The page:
The Sentinal

MurrayG

Contributing Member
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Hi Folks, This was a hard won painting and I cannot say I am satisfied, its OK (to me) but I have mannaged better.
We had done a lot of travelling and on our return, I spent two days up a ladder picking olives. That was OK, but now I had the start of a sinus irritation. But I was determined to repay myself with some painting.
I packed up my pastel box and my carry bag of bits and my light easel and drove up to the top of the village near the path along the hills. I had painted here before and had a spot in mind. I slung my homemade guerilla box on, and my tote bag (now feeling heavy) and with easel in hand started off along the path. Its rocky, gravelly, steep and twisty. By the time I got to the spot, I despised the easel and I could now see that the 40% slope was no place to set up. Stubborn, I set up on the path, it blocked my view, a little up the hill I could get a solid setting but standing one leg bent against the slope (I only had to turn to reach my pastels on the ground. After a little drawing, I gave it up, pulled the blockout off the board and set a new sheet then scrambled up the slope with my pastel box and board only. At this stage the nose was drippy, yuk.
Anyways, after a bit over an hour I was "done" and feeling lousey, time to go. I packed up but was feeling so flat, sat on the ground and nibbled some trail mix. I pondered the walk back as I was really not feeling so great now, on this path a wrong step would go very baddly. Slowly, dripping and tired I headed back and was ever so glad to see the car. Any ways, here is the result. Sorry, as always, my phones camera has mangled colours but I think you get the idea.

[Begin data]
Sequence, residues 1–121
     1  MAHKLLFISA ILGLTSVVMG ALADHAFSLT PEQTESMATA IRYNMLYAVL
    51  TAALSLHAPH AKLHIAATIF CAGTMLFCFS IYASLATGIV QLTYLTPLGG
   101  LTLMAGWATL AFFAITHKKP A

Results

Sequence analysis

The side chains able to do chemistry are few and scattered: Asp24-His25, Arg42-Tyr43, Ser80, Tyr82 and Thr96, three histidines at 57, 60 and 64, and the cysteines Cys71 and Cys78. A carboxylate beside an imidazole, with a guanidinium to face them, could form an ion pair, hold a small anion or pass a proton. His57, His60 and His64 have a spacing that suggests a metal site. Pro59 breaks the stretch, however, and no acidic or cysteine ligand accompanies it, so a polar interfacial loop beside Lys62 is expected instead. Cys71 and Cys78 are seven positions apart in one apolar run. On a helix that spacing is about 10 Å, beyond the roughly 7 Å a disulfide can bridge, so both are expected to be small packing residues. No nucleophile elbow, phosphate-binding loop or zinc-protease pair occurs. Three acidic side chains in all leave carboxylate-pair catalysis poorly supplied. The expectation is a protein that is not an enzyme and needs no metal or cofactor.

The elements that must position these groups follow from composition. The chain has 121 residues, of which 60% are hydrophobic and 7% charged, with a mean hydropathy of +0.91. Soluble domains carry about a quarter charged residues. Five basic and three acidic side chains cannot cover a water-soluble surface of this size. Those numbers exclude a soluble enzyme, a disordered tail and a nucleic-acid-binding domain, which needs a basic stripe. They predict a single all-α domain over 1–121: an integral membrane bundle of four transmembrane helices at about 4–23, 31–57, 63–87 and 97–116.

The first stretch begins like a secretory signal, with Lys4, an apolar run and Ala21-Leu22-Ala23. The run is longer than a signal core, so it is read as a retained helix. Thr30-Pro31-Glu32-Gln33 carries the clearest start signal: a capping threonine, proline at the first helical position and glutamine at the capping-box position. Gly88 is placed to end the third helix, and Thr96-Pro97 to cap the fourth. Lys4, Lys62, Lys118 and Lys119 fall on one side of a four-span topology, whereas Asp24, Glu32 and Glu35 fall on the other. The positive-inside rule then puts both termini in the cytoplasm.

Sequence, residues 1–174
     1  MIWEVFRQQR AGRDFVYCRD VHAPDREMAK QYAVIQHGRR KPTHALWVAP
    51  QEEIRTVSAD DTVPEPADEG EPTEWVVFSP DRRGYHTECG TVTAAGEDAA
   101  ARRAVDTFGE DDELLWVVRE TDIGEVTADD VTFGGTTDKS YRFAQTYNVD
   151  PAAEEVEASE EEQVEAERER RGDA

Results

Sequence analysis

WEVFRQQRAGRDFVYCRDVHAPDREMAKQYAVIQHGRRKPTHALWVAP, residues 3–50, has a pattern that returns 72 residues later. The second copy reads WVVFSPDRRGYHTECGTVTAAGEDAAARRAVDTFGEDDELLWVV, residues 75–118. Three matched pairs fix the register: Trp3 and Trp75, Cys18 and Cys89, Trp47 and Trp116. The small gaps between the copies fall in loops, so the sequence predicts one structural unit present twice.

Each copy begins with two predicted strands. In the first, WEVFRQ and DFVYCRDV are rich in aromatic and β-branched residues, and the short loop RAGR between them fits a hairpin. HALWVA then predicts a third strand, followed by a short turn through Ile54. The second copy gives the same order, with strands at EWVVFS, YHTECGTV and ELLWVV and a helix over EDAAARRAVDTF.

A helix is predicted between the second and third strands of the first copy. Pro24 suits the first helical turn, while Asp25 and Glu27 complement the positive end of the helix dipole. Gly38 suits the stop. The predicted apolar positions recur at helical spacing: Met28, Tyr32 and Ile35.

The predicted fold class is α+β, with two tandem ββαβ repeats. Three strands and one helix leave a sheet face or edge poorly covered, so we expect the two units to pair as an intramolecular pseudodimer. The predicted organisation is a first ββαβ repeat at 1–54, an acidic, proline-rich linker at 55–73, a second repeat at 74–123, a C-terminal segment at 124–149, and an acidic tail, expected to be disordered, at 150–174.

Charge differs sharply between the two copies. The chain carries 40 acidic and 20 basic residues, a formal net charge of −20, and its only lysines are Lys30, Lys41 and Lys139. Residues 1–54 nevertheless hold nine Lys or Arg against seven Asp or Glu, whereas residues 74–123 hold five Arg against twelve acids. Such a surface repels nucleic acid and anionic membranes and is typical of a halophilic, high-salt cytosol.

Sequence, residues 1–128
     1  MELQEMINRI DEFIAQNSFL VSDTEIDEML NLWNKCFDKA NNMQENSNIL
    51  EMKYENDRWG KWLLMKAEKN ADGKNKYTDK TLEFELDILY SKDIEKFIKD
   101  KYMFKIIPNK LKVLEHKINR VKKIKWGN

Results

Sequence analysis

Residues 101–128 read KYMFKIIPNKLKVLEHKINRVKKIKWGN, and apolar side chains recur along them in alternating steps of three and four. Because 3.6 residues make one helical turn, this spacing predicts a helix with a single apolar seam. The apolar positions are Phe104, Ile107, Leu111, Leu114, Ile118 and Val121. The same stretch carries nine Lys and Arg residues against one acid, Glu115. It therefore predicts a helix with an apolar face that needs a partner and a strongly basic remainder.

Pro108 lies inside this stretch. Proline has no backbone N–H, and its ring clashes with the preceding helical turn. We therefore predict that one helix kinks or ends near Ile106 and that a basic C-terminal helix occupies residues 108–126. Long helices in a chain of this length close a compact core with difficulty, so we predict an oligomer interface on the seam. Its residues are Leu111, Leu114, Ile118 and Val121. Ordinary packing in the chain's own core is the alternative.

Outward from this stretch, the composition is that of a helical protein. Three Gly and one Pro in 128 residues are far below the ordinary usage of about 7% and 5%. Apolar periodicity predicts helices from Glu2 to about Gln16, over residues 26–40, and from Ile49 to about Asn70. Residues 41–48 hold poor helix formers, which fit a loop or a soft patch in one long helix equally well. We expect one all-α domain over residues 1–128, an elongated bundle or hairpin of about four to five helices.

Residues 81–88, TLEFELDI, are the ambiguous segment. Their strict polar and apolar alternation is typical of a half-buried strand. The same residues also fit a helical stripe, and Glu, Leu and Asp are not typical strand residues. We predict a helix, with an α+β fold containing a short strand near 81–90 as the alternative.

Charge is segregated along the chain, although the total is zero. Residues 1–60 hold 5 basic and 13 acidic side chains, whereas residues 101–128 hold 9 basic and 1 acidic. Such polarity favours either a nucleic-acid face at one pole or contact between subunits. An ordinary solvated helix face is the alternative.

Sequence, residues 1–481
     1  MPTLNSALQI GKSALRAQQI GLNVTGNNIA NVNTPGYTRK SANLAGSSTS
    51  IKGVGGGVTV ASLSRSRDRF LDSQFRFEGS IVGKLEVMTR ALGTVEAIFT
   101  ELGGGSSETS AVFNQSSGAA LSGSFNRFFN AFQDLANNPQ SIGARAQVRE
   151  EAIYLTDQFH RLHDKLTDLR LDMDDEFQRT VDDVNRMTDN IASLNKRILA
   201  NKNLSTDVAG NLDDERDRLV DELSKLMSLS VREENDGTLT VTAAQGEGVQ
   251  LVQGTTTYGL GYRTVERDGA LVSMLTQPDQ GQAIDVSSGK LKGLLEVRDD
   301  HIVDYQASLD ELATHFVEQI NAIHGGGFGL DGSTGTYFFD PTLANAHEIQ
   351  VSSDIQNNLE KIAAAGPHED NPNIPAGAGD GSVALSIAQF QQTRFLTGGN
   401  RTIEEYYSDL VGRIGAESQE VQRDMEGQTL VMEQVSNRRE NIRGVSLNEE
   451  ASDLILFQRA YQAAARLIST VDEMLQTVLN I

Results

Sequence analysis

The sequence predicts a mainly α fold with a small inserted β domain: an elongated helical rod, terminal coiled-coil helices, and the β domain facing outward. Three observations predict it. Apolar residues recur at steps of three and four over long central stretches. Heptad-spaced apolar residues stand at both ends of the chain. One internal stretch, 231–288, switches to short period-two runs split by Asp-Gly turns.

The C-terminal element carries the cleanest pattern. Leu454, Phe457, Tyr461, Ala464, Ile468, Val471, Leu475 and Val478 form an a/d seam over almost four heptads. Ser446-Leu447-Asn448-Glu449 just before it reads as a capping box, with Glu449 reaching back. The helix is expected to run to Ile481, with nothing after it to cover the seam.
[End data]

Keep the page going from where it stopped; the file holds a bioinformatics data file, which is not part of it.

EDIT sorry 30x40 cm. mostly Rembrandts and some strat Fabercastell on Canson MT smooth side
As always, composition, focus, value etc input is most welcome. Best to all.
IMG-120555-PA-Vrulja.jpg
 
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Nice color and the comp is likeable.
When it comes to atmospheric regression of color you seem to have did it to the landscape hills but forgot about the water and sky. Sky regresses from top to bottom and water from front to back and slightly from sides.
 
MurrayG, sometimes plein air locations are difficult, we face surprises and painting in some places is a struggle. Lovely pleinair and in the end all worth it.
 
Nice color and the comp is likeable.
When it comes to atmospheric regression of color you seem to have did it to the landscape hills but forgot about the water and sky. Sky regresses from top to bottom and water from front to back and slightly from sides.
Hi Wayne, thanks, your thoughts mean a lot. The water changed soooo much. this is one of the windyest spots (Vrujla). On the left behind the cliff is a gap that funnels the wind in great arcs of lght and dark ruffles. But your input is useful gotta remember it. Thanks.
 
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Lovely painting but yes, could be improved with some variations in the water. ❤️❤️
 
Murray, you really suffered for your art! Good one and don't be so hard on yourself, neither in creating in situ nor on the painting.
 
Hmmm. the more I look, the water on the ref photos gives some hints. I may try a studio piece. Useful pointers as always
 
Murray,
I have not done a lot of plein air but some and I remember reading that one should really take it all in at the moment and then go like crazy using what is before them for color reminders all the while remembering how it was when they started. The whole reason for being out was to get inspired to use different color arrangements as that is what happens with time. In a studio one can get lost in formulas for color arrangements and keep making the same painting. It isn't required that you get exactly what is before you but that you get your inspired moment. You are doing well. The journey is a tough one. A lot is demanded in short order.